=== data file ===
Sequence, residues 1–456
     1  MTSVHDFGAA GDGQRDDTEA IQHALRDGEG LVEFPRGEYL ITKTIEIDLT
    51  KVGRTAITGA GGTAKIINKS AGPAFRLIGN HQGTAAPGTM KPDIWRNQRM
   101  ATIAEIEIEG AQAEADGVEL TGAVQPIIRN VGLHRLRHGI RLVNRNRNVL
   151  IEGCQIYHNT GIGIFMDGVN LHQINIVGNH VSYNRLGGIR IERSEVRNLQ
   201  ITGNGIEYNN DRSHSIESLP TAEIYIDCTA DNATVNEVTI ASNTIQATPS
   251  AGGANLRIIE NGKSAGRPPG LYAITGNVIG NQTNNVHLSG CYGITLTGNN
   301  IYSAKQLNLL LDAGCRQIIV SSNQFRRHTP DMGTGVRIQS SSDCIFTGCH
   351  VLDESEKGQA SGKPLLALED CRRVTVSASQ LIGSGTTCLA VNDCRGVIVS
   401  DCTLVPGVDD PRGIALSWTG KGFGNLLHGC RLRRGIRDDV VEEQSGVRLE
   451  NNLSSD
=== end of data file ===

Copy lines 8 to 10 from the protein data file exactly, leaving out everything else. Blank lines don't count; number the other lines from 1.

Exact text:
   301  IYSAKQLNLL LDAGCRQIIV SSNQFRRHTP DMGTGVRIQS SSDCIFTGCH
   351  VLDESEKGQA SGKPLLALED CRRVTVSASQ LIGSGTTCLA VNDCRGVIVS
   401  DCTLVPGVDD PRGIALSWTG KGFGNLLHGC RLRRGIRDDV VEEQSGVRLE